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Ndiweni slams 2022 census outcome

Ndiweni said it was disconcerting that the government has sidelined a community that has been providing much needed foreign currency to the country through remittances.

BY SILAS NKALA FORMER Ntabazinduna chief Nhlanhlayamangwe Ndiweni says the exclusion of the Zimbabwe Diaspora community in the 2022 census is akin to the disenfranchisement of people under the colonial Ian Smith regime.

Ndiweni said it was disconcerting that the government has sidelined a community that has been providing much needed foreign currency to the country through remittances.

Zimbabwe earned about US$1.4 billion in Diaspora remittances in 2021, up from US$1billion in 2020.

However, the community was not counted when the Zimbabwe Statistical Agency (Zimstat) produced its preliminary results late last month.

“This census is the greatest disenfranchisement of the people since the Universal Declaration of Independence (UDI) that was declared by Smith,” Ndiweni said.

“Never before have we seen people sidelined in this way by design and by intent.

“It is the greatest blow to democracy we in Zimbabwe have suffered since independence in 1981.”

Ndiweni is now exiled in the United Kingdom where he has been leading a campaign for diasporans to be allowed to vote in Zimbabwean elections.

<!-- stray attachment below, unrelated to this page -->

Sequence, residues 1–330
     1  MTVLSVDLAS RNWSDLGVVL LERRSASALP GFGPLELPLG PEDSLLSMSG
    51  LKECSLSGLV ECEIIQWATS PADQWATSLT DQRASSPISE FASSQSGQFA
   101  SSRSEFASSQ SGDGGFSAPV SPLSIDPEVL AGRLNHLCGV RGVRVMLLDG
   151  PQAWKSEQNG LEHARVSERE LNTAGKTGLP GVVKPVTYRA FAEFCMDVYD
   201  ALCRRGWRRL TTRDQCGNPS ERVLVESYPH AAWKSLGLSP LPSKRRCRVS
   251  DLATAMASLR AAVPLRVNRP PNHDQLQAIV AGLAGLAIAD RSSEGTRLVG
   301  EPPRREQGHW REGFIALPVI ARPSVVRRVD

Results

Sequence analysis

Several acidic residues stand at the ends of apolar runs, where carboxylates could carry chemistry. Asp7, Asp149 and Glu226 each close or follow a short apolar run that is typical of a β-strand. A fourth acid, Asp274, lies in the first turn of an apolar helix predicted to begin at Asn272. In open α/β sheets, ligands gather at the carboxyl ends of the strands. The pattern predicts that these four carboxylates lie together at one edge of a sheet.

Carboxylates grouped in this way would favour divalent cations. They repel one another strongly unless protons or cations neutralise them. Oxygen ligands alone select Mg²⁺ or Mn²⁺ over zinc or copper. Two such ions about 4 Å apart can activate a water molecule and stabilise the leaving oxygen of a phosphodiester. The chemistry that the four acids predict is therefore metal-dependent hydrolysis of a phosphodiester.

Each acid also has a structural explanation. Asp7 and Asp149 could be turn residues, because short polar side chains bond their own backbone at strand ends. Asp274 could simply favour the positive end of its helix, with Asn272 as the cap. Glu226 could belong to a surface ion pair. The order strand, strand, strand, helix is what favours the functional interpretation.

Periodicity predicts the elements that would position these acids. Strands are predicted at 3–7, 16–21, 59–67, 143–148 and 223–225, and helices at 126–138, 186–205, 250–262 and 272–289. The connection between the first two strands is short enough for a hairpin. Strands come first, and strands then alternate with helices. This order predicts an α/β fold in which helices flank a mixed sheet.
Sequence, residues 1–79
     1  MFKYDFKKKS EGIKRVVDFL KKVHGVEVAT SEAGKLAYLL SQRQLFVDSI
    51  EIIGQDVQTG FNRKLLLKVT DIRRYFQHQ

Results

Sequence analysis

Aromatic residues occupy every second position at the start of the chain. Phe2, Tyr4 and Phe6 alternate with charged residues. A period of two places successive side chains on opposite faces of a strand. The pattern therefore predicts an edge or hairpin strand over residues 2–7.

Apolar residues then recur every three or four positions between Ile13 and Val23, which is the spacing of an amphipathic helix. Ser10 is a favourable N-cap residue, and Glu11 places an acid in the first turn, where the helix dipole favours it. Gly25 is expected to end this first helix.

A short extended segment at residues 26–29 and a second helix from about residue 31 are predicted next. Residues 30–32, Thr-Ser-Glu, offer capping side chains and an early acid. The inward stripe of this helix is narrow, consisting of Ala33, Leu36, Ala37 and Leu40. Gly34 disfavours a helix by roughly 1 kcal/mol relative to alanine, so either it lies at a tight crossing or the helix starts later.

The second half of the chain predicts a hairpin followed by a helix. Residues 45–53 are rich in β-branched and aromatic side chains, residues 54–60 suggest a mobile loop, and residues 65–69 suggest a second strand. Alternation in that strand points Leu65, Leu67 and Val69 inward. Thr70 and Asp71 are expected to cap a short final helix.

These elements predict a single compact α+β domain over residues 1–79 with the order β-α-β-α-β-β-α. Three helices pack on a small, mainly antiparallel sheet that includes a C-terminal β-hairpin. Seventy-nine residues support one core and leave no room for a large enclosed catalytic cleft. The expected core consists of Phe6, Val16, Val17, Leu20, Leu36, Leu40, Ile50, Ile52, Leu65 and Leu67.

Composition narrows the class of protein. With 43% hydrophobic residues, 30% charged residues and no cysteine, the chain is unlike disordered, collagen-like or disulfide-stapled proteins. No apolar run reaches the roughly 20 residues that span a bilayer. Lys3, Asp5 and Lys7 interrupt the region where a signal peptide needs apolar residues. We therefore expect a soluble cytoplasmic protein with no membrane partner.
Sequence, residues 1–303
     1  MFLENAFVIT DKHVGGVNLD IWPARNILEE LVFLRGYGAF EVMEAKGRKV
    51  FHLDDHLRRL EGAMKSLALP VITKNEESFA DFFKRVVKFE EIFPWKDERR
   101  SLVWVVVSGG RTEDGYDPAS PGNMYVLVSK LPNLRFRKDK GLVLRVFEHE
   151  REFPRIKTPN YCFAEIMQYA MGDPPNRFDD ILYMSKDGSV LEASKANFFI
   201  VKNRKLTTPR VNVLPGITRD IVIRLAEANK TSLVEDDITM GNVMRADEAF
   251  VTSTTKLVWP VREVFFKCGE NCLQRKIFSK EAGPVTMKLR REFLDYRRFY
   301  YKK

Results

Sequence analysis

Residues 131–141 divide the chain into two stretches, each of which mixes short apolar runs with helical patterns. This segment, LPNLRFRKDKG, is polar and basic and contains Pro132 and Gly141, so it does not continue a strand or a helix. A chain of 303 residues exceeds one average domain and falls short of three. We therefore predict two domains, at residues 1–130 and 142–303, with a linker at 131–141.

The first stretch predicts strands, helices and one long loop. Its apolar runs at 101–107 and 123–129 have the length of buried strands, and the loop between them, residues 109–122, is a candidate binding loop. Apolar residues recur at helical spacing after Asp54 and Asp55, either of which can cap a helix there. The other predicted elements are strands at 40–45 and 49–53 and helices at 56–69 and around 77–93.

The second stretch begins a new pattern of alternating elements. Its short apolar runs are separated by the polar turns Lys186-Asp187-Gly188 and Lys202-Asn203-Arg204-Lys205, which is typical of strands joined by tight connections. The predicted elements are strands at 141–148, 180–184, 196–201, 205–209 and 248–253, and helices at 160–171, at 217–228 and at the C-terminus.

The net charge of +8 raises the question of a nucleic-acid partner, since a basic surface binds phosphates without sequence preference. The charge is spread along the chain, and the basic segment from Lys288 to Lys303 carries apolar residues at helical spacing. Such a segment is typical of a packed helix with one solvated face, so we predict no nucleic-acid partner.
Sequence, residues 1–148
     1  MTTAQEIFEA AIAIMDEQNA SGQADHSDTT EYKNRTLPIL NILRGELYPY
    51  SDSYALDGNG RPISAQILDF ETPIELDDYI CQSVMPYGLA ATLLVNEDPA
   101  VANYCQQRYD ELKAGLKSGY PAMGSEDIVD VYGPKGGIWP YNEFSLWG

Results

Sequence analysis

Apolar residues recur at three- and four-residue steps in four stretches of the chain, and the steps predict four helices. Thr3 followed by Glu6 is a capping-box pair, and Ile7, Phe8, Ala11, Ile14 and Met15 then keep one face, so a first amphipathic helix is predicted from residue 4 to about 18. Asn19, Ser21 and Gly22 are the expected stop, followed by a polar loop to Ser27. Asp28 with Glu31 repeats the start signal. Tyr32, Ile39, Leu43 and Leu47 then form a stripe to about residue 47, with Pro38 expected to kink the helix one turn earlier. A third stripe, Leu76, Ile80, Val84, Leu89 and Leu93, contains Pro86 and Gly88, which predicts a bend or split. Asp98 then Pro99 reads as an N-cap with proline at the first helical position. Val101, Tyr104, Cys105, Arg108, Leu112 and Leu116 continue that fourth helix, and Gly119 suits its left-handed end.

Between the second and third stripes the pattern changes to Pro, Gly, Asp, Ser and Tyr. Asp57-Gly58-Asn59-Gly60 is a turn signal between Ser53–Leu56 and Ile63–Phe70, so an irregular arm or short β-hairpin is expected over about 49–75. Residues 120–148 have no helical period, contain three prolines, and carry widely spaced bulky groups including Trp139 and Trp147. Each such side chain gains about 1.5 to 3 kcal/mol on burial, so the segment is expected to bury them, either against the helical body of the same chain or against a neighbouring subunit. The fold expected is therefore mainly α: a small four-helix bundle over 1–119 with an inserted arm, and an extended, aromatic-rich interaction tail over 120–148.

Government has ruled out facilitating the Diaspora vote for millions of Zimbabweans based outside the country.

Electoral laws prohibit Zimbabweans in the diaspora from casting their votes from foreign lands and only government employees such as diplomats enjoy the right to vote from outside the country under the postal voting model.

“When we talk about the census what is clear to everyone is that from Bulawayo, Matabeleland South and North, there is in excess of 3,5 million  to four million in South Africa and they have been left out on purpose.

“There is no legal, moral or ethical reason why they were left out,” Ndiweni added.

“We have an embassy in Pretoria. They could get assistance from other consulate there.

“They could get assistance from the Southern African Development Community, from the African Union and from the United Nations (UN) in order to conduct a census in South Africa.

“There was no impediment to do that, what was lacking is the political will from the part of government.”

Zimstat statistics showed that Bulawayo, Matabeleland North and South are the only provinces with a population of less than a million people.

Ndiweni said it did not make sense for the government to continue asking the Diaspora community to invest in Zimbabwe yet denying them the right to participate in electoral processes.

In 2018, the Constitutional Court barred millions of Zimbabweans abroad from voting in that year’s disputed 2018 elections.

The ruling followed an appeal by Gabriel Shumba and Sibonile Mfumisi, both based in South Africa and United Kingdom-based Darlington Nyambiya.

They had argued that section 23(3) of the Electoral Act must be revisited, so as to enable the country’s citizens living abroad to exercise their voting rights.

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